February 24, 2024

Food Security

Syllabus– General Studies 1(society)

Context

With a reduction in COVID-19 infections as the second wave weakens in India, it is important to focus on the pandemic’s disruptive impact on the food security and livelihoods of the poor and marginalised.

Covid-19 impact on hunger

  • An alarming escalation in the global hunger that is unfolding right now.  There was a ‘dramatic worsening’ of world hunger in 2020, much of it likely related to the fallout of COVID-19.
  • The ‘State of Food Security and Nutrition in the World’ report, estimates that around a tenth of the global population – up to 81.1 crore persons – were undernourished last year.

India’s efforts and results

  • India has made enormous progress in food production over the years, with an inspiring journey towards self-sufficiency in food production marked by the Green Revolution. In 2020, India produced over 30 crore tonnes of cereals and had built up a food stock of 10 crore tonnes.
  • The country has registered record harvests over the last few years. India exported a record 1.98 crore tonnes of rice and wheat in FY21.

Govt. initiatives

  • Vulnerable and marginalized families in India continued to be buffered against the food crisis by its robust Targeted Public Distribution System (TPDS).
  • As data shows, there was an unprecedented spike in the uptake of subsidised and free foodgrains during the lockdown.
  • The government also allowed NGOs/civil society organisations to buy rice and wheat at subsidised prices directly from nearby Food Corporation of India (FCI) warehouses.
  • Increased entitlements given to National Food Safety Act (NFSA) beneficiaries in 2020.
  • Under the Pradhan Mantri Garib Kalyan Anna Yojana (PMGKAY), 81.3 crore NFSA beneficiaries received an additional 5 kg of foodgrains per person per month and 1 kg of pulses per family per month, free of cost, for eight months.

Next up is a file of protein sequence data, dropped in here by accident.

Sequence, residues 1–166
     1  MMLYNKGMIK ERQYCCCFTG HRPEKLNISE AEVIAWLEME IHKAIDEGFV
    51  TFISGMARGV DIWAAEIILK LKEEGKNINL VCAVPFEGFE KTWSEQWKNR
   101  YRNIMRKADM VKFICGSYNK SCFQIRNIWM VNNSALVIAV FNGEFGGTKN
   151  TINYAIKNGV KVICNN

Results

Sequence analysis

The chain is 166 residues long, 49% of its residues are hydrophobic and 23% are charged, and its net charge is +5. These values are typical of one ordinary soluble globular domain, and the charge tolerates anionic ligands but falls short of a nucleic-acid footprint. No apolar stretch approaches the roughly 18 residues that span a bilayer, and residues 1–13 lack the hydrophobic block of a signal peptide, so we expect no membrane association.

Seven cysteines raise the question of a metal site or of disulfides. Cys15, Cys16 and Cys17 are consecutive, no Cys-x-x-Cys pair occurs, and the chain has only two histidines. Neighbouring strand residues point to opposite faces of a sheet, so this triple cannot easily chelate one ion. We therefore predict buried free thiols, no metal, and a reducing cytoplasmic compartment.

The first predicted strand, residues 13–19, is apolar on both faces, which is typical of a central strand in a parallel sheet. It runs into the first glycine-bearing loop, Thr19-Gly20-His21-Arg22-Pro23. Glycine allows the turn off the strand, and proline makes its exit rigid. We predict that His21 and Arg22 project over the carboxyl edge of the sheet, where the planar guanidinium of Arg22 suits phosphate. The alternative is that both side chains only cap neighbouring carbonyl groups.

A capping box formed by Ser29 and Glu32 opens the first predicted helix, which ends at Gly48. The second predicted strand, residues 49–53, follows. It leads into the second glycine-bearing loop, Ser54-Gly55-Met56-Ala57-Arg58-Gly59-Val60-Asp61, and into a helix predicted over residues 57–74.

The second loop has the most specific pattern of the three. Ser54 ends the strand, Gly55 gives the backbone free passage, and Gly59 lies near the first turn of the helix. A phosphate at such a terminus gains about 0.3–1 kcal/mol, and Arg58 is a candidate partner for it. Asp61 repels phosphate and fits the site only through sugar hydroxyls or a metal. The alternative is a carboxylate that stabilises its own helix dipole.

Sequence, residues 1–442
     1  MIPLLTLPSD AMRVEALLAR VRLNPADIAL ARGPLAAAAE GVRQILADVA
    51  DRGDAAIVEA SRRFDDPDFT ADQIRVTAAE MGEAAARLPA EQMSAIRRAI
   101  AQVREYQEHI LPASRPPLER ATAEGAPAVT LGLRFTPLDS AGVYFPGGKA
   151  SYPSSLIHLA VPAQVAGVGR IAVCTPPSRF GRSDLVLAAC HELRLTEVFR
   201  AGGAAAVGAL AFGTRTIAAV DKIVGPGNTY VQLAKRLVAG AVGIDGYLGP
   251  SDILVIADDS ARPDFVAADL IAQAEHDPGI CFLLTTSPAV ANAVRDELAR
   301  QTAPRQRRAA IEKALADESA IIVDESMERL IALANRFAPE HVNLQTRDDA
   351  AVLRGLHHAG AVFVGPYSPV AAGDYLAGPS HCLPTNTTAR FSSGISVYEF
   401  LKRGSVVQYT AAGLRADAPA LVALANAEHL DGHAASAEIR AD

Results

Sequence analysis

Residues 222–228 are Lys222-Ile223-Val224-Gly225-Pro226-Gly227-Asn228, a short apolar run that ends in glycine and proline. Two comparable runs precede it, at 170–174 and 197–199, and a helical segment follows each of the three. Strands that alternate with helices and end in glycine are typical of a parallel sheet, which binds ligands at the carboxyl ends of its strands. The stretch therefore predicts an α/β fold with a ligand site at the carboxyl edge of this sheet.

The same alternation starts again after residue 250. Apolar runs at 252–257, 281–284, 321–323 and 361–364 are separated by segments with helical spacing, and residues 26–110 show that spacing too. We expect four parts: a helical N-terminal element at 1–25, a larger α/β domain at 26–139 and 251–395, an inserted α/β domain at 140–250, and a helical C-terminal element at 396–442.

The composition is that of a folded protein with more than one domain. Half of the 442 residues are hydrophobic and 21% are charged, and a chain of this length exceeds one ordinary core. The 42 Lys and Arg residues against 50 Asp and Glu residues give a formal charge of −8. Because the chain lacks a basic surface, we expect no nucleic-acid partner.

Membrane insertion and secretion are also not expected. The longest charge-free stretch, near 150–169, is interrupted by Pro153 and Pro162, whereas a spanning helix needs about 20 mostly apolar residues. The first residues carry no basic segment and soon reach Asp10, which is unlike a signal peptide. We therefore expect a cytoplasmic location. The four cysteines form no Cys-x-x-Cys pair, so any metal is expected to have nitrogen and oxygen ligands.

• The PMGKAY was introduced in 2020 for eight months to provide relief to 80 crore beneficiaries covered under NFSA from COVID-induced economic hardships.
    • During the third phase of PMGKAY, about 89% of the allocated foodgrains were distributed to beneficiaries. Implemented for eight months last year and for seven months this year, the PMGKAY outlay will add up to a total expenditure of ₹2,28,000 crore over 15 months.
  • Under the Atmanirbhar Bharat package, 8 crore migrants were provided 5 kg of foodgrains per month, free of cost.

Challenges:

  • Access and portability of food entitlements: Ensuring that food support focuses on at-risk groups including persons with disabilities, the elderly, single women-led households, transgender persons, HIV-affected persons, displaced persons, refugees and orphan children.

Way forward:

  • The introduction of the One Nation One Ration Card (ONORC) scheme is an innovation that can be a game-changer, allowing beneficiaries to access their food entitlements from anywhere in the country.
    • This is especially important for a country like India with a massive mobile population and migration between States.
    • The scheme takes the massive digitisation of the supply chain, distribution and access to the next step, ensuring anyone benefits from anywhere in India.
  • Tackling climate change: Massive efforts are needed towards programmes that focus on building resilient agriculture that is adaptive to changing weather and needs through the introduction of newer varieties of crops, efficient irrigation systems, and the promotion of crops as per the agro-climate zones.
  • Reducing food wastage: Third of all food produced is wasted. There should be enhanced efforts to prevent losses.
  • Advancing food security and nutrition through transforming food systems: The upcoming UN Food Systems Summit, the Nutrition for Growth Summit and the COP26 on climate change will certainly shape the actions of the second half of the UN Decade of Action on Nutrition.

The scale of India’s public food distribution systems is immense and has gone through constant navigation and improvement, which is commendable. But more needs to still be done to improve access and inclusion among the missing vulnerable population.

India has a central role to play in offering experiences and solutions to address the thought processes and models for a resilient, equitable, and food-secure world.

Question- How covid 19 pandemic has affected the lower strata of society in terms of hunger and nutrition? Explain.

The Hindu link-

https://www.thehindu.com/opinion/op-ed/lessons-from-indias-food-security-response/article35529291.ece

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